skip to main content
skip to newscasts

Monday, September 25, 2023

Public News Service Logo
facebook instagram linkedin reddit youtube twitter
view newscast page
play newscast audioPlay

Nevada organization calls for greater Latino engagement in politics; Gov. Gavin Newsom appears to change course on transgender rights; Nebraska Tribal College builds opportunity 'pipelines,' STEM workforce.'

view newscast page
play newscast audioPlay

House Republicans deadlock over funding days before the government shuts down, a New Deal-style jobs training program aims to ease the impacts of climate change, and Supreme Court Justice Clarence Thomas appeared at donor events for the right-wing Koch network.

view newscast page
play newscast audioPlay

An Indigenous project in South Dakota seeks to protect tribal data sovereignty, advocates in North Carolina are pushing back against attacks on public schools, and Arkansas wants the hungriest to have access to more fruits and veggies.

As State Kills Wolves, Calls for Transparency on Ore. Wolf Plan

play audio
Play

Wednesday, August 30, 2017   

PORTLAND, Ore. - The Oregon Department of Fish and Wildlife has killed four members of the Harl Butte wolf pack and authorized killing two more from the Meacham pack after livestock deaths in northeast Oregon.

The decision has made calls from conservation groups even more urgent to revise the state's Wolf Conservation and Management Plan. The plan is slated for update every five years and was supposed to be revised in 2015. Groups are concerned the new plan in the works weakens protections and even could open the door to trophy hunting, said Aaron Tam, Pacific Northwest organizer for the Endangered Species Coalition.

"The lack of transparency in the current wolf plan creates confusion and conflict among stakeholders," he said. "The governor needs to weigh in on this. Scientists don't agree with the current revisions to the wolf plan."

The Endangered Species Coalition is one of 18 groups that sent a letter to Gov. Kate Brown last week, asking her to intervene in the northeast Oregon situation and calling for more public accountability on the management plan. The current state plan allows wolves to be killed if non-lethal methods aren't successful in keeping them from livestock depredation.

Michael Nelson, a professor of environmental ethics and philosophy at Oregon State University, works with some of the scientists cited in the plan's current draft.

"I know that at least one of my social-science colleagues feels like his work was pretty seriously misrepresented in the plan," he said. "And I've spoken with my ecologist colleagues - they're wolf ecologists - and they're concerned with how their own work is represented in the plan, as well."

According to a Mason-Dixon poll conducted last year, more than 70 percent of Oregonians only support killing wolves as a last resort. Tam said most simply don't want to see wolves killed.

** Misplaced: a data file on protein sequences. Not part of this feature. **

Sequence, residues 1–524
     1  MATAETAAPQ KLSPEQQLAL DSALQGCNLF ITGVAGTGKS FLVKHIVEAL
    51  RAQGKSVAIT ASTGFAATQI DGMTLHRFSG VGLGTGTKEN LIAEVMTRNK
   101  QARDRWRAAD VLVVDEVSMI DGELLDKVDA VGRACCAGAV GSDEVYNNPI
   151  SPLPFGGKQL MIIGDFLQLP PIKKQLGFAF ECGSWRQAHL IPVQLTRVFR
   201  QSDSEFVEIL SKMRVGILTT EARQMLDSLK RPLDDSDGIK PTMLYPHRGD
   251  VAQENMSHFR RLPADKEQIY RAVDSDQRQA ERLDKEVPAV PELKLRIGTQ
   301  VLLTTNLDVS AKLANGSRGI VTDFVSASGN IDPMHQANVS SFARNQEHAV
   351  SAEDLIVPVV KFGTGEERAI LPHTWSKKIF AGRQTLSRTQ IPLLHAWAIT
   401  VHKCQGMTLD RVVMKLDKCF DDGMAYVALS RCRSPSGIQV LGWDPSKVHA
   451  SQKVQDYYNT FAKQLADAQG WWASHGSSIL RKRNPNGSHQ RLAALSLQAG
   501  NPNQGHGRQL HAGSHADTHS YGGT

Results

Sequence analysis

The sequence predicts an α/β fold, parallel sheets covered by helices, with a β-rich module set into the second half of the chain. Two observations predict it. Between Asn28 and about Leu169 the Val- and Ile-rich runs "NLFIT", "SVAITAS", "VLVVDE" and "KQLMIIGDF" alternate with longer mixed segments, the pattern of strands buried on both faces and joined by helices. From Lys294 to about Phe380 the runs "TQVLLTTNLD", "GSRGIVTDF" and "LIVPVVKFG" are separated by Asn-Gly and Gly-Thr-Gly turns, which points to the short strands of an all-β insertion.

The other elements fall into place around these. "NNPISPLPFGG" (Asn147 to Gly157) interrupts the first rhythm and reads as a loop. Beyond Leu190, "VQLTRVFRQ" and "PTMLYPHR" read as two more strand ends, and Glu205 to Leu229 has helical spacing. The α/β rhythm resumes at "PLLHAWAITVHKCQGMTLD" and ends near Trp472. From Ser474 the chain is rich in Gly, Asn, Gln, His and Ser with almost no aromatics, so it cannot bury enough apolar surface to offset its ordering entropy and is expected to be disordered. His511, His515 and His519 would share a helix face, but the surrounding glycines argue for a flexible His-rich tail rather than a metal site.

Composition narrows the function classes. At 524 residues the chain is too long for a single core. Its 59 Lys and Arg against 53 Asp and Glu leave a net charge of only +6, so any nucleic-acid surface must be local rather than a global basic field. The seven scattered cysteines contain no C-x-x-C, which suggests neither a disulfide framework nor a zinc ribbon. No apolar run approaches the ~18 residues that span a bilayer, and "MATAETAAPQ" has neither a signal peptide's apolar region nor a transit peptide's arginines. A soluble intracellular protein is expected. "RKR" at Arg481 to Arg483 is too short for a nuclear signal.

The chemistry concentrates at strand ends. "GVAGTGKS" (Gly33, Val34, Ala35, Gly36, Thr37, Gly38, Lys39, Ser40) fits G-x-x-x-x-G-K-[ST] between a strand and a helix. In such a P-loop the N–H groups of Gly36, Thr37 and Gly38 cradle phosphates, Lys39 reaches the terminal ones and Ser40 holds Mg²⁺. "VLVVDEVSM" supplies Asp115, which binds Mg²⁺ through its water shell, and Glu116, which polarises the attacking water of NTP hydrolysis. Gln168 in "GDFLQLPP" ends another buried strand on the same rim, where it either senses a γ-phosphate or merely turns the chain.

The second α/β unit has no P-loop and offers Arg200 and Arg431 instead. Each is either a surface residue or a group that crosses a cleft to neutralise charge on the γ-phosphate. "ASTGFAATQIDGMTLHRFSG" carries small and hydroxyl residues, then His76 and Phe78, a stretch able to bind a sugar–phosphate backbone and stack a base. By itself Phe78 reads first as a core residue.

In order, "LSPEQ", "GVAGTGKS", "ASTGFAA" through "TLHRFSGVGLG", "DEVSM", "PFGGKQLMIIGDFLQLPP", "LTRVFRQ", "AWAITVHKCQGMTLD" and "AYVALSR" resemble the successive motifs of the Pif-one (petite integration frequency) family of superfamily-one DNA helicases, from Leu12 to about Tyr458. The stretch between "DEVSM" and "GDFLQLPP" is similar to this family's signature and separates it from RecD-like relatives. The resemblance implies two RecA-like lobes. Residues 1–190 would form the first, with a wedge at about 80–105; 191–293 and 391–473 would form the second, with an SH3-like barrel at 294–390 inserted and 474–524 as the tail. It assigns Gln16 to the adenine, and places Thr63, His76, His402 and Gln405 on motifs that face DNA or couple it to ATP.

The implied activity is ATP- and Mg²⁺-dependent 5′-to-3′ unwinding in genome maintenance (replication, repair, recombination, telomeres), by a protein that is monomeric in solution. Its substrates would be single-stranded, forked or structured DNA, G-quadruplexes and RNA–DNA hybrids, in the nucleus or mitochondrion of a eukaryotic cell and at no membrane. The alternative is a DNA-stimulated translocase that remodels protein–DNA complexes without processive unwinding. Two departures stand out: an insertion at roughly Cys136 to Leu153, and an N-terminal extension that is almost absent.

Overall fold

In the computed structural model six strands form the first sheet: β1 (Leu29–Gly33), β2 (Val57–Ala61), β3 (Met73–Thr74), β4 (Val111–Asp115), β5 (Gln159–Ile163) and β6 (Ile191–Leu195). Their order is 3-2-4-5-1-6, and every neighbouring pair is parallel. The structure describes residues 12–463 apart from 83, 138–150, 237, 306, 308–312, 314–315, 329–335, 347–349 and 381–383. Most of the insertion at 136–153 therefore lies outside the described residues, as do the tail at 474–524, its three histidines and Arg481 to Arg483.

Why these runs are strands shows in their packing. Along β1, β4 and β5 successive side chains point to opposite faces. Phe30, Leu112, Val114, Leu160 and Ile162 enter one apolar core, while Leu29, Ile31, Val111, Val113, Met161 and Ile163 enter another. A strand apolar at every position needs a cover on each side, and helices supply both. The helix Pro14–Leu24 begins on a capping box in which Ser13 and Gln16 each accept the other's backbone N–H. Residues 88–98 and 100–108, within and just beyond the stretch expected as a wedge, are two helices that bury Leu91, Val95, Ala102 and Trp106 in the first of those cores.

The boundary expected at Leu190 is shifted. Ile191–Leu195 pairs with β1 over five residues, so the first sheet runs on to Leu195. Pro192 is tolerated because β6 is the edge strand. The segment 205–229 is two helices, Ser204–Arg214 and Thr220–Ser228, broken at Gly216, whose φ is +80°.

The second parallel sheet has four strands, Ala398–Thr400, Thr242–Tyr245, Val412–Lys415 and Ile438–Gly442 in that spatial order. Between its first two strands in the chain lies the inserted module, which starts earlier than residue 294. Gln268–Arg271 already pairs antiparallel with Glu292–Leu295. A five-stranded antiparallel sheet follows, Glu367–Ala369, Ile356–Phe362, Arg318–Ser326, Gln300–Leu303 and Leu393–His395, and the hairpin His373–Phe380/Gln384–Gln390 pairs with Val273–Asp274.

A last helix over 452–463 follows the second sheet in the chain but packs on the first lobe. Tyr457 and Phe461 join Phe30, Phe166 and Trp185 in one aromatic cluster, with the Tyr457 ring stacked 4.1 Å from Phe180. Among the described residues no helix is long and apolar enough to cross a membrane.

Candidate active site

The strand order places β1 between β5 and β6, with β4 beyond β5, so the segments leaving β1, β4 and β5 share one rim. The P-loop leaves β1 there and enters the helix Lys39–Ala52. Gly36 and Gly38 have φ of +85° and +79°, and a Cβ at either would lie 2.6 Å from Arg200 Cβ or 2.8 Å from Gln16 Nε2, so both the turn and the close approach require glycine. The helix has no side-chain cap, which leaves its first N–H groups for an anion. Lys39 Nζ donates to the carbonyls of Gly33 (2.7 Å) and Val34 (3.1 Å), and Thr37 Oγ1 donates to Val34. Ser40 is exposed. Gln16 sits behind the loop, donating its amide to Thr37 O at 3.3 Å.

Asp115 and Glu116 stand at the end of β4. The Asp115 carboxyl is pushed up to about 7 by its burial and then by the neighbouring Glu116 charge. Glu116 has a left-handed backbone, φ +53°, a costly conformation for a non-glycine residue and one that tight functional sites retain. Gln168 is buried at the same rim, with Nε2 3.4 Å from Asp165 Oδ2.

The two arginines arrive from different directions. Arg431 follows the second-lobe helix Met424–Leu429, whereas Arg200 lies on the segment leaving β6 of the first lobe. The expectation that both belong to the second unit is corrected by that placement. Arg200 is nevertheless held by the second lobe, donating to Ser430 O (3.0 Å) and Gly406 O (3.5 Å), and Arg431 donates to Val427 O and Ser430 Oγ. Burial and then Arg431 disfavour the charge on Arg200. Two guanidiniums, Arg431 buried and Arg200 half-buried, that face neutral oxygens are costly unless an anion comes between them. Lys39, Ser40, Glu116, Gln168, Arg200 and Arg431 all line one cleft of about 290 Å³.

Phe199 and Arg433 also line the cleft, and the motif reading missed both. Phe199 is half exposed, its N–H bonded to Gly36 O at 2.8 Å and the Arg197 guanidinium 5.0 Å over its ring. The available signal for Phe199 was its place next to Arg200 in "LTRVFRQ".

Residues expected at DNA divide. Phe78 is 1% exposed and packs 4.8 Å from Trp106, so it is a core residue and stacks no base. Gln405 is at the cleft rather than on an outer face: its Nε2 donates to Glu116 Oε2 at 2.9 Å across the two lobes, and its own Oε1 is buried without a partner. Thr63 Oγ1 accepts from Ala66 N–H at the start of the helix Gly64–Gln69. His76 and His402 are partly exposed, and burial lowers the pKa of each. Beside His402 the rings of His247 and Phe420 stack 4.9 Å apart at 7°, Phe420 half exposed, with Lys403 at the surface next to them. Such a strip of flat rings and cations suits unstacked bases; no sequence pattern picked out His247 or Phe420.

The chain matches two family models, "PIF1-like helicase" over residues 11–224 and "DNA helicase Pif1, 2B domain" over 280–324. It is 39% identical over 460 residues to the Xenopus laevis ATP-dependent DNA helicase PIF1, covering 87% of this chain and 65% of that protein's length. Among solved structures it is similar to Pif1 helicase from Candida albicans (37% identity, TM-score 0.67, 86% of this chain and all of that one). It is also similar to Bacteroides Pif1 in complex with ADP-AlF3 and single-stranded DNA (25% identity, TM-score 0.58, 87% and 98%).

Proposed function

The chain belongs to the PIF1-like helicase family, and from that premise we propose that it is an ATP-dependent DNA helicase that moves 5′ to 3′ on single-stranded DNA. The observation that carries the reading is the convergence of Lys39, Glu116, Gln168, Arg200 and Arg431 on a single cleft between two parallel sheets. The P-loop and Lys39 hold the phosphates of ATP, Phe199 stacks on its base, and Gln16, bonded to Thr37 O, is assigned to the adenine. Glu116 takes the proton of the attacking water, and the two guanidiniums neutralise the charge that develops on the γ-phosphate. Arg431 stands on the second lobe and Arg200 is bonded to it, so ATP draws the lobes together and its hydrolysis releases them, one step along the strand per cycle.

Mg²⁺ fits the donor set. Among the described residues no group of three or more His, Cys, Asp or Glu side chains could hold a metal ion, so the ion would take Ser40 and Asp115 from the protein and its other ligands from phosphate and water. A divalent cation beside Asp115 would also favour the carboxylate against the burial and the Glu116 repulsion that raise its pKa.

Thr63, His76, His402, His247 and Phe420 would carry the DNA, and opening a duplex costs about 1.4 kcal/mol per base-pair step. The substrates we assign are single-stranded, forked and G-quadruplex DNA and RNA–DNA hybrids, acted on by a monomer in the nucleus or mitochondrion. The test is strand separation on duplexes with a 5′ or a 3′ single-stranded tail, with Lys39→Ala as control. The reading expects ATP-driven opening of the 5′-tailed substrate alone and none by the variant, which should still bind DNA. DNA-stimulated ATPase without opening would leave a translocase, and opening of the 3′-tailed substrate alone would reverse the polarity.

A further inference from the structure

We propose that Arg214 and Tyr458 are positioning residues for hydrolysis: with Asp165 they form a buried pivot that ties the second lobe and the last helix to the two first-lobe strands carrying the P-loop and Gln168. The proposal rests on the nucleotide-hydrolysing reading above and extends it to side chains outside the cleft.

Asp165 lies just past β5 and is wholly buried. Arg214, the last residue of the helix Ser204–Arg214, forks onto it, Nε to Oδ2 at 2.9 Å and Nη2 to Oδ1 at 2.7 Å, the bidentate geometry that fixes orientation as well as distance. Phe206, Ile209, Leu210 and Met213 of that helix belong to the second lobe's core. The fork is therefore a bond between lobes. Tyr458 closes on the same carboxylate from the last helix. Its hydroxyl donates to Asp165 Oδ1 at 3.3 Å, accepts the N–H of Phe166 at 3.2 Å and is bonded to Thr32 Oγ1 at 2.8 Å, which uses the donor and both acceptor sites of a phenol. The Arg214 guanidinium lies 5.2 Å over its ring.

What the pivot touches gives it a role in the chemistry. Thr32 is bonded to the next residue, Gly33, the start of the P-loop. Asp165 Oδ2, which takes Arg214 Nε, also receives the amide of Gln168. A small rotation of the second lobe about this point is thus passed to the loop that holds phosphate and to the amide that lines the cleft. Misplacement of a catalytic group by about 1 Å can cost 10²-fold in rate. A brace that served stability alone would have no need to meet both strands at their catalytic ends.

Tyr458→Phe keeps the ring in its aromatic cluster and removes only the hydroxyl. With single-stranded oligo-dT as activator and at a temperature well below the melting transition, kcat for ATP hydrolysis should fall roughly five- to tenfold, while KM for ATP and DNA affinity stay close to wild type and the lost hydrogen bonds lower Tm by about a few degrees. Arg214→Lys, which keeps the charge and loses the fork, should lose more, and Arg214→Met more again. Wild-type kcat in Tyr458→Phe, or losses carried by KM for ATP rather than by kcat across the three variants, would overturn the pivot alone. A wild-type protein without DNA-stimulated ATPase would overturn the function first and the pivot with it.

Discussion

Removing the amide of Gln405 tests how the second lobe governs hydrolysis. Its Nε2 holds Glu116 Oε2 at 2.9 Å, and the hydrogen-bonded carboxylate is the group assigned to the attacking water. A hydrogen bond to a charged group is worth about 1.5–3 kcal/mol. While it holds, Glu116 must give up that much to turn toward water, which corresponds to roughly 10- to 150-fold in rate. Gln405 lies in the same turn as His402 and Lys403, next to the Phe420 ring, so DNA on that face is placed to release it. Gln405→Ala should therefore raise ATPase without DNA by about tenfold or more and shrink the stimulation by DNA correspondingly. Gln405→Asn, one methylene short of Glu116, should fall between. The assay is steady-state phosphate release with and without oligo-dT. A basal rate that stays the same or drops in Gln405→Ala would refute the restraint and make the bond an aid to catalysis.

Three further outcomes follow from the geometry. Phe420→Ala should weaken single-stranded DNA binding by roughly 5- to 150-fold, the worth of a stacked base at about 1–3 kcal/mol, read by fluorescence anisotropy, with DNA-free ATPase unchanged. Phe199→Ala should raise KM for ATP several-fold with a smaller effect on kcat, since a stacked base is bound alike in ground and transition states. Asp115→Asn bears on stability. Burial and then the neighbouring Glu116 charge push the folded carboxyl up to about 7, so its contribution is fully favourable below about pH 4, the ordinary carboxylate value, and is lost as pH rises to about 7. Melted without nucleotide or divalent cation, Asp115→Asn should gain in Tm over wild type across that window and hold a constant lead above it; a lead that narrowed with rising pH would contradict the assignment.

"Americans hunted them to the brink of extinction by 1960, and wolves are still missing from 90 percent of their historic range in the lower 48 states," he said. "We brought them back using the Endangered Species Act to see them flourish, and the new Wolf Conservation and Management Plan should reflect those values."

The draft management plan is online at dfw.state.or.us, and the Mason-Dixon poll is at pacificwolves.org.


get more stories like this via email

more stories
Peter Sussman is among three patients with disabilities who have asked to intervene in a lawsuit challenging California's End of Life Option Act. (Nancy Rubin)

Health and Wellness

play sound

California's medical aid-in-dying law is back in court. Three patients with disabilities and two doctors are asking to intervene in a lawsuit …


Environment

play sound

A new federal jobs program aims to mobilize tens of thousands of young Americans to address the growing threats of climate change. The American …

Social Issues

play sound

Little Priest Tribal College in Winnebago says its student body and campus are growing - and so are its options for people to study in STEM fields…


The Student Assistance Program in some Ohio schools connects students with tools in order to remove obstacles to learning, and is now incorporating mental-health resources. (Rosalie Murphy/Kent State NewsLab).

Health and Wellness

play sound

By Nathalia Teixeira for Kent State News Lab.Broadcast version by Nadia Ramlagan reporting for the Kent State-Ohio News Connection Collaboration…

Social Issues

play sound

Maine's new Office of Affordable Health Care holds its first public hearing this week, and people are being strongly encouraged to participate…

According to the Prison Policy Initiative, about one in five of the young people held in juvenile facilities is awaiting trial and has not been found guilty or delinquent. (Adobe Stock)

Social Issues

play sound

The number of children locked behind bars in Alabama has declined, but their advocates said more needs to be done to create alternatives to …

Social Issues

play sound

This coming Saturday, North Dakotans will get a chance to see how election workers go to great lengths to ensure a safe and secure voting process…

Environment

play sound

Scientists at Purdue University have been experimenting to create adhesives designed to be easier on the environment. So many products from …

 

Phone: 303.448.9105 Toll Free: 888.891.9416 Fax: 208.247.1830 Your trusted member- and audience-supported news source since 1996 Copyright 2021